Editor's note: Dr. Stephen (Steve) Robinson began serving as President of the Southern Association of Independent Schools (SAIS) on July 1, 2007. Robinson is a supporter of Heifer International and many of Heifer's education programs have been used in SAIS classrooms. The following is an exceprt from Dr. Robinson's blog that was originally published June 5. Follow this link to read the full version.
I have just returned from my first trip to Africa where I was privileged to visit several projects administered by Heifer International. As one who travels often, I have had many transformative experiences, but my trip to Senegal exceeded my expectations. Witnessing the dichotomy of a people so hopeful, joyful, and hard working, and the stark limitations of their resources and opportunities was humbling and inspiring. Also, while I have known of Heifer’s work for some time, witnessing it on the ground level was impressive. I know of no other organization on earth that more clearly embodies the concept of “teaching men to fish” so that they will be fed for a lifetime. Where we sit inside our vehicle wondering how to help that person on the corner, Heifer shows us a way to help.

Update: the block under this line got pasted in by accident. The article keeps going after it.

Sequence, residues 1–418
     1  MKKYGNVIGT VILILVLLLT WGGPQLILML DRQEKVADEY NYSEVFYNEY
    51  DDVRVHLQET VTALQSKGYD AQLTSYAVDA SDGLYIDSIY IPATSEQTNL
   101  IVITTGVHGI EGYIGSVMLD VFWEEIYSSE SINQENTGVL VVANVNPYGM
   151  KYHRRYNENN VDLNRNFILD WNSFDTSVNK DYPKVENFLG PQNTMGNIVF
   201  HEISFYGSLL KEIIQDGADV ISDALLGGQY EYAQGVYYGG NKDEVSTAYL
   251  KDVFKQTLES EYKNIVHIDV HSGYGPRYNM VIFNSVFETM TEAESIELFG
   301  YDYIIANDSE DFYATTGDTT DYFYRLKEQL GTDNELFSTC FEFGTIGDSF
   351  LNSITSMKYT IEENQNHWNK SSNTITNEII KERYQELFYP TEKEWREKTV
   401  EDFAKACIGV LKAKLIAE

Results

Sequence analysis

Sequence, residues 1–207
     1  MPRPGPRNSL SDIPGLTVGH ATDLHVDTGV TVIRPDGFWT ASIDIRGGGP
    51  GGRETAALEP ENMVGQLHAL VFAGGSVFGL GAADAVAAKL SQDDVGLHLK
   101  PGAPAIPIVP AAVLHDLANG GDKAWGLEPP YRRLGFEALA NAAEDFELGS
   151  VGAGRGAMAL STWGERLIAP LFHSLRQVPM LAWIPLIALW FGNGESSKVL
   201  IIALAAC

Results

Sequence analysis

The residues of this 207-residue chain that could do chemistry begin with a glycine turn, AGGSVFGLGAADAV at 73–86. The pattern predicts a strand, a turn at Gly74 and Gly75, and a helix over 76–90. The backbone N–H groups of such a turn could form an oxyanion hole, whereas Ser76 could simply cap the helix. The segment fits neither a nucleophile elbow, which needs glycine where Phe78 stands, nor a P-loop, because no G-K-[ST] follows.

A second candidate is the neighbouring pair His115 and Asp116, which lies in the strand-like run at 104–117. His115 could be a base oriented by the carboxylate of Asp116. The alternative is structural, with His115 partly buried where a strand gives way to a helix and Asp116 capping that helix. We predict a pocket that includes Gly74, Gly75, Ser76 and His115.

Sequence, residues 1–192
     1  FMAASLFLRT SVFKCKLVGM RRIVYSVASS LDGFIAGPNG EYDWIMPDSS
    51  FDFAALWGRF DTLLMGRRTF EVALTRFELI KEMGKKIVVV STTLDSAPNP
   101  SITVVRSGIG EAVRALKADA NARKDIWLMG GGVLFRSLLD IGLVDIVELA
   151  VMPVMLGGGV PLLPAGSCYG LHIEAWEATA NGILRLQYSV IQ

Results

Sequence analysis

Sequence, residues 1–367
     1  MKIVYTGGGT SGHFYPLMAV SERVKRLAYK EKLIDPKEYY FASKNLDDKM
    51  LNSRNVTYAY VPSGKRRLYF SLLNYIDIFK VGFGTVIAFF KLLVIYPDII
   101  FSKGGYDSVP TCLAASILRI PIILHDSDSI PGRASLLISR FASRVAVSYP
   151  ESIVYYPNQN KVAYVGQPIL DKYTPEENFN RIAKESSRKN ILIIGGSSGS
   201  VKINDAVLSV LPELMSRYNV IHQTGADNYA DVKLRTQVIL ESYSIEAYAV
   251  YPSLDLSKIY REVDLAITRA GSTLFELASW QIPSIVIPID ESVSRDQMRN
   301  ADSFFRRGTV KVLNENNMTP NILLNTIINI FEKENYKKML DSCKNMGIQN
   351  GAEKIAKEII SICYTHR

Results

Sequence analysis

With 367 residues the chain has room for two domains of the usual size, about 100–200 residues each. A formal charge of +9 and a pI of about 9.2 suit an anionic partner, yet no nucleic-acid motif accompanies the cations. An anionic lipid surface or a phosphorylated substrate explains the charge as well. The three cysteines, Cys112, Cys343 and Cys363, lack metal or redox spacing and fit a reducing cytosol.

As an educator, I was also familiar with Heifer’s resources for schools. I knew it offered curriculum on sustainability and global issues for teachers and organized experiential camps for students. I also knew its work was well respected and supported by multiple prestigious organizations such as the Bill & Melinda Gates Foundation. Still I did not expect how deeply their work would resonate.
I arrived in Dakar, the capital of Senegal, on May 24 late in the evening. Early the next morning I began my six-day journey to tour many of the villages where Heifer works. My companions were Elizabeth Bintliff, Vice President of the Africa Area Program, Rashid Sesay, Regional Director – West Africa, Dr. Humphrey Taboh, Cameroon Country Director, and Gustave Gaye, Interim Senegal Country Director.
I was struck by a number of realities in Senegal. Resources and work are scarce. The population is young, with many children working rather than attending school; school infact is not compulsory. Upon adulthood, men often migrate to other areas for work, leaving their wives to tend to their families. Unfinished construction projects are common as structures or homes are built over a period of decades, as funds are available. Livestock roam freely. Horse or donkeydrawn carriages are also common, often used as taxis with young men driving them. I was reminded of Abraham Maslow’s hierarchy of needs, and for many here, they live at the most basic biological andphysiological stage. Luxuries in Senegal are being able to send your children to school, or a woman who can heat food with gas instead of spending four hours looking for firewood in an arid landscape, or a village who can leverage bio fuel for electricity to support their hospital. Heifer’s emphasis on bio fuel projects, is fascinating, life changing, and an excellent example of green energy.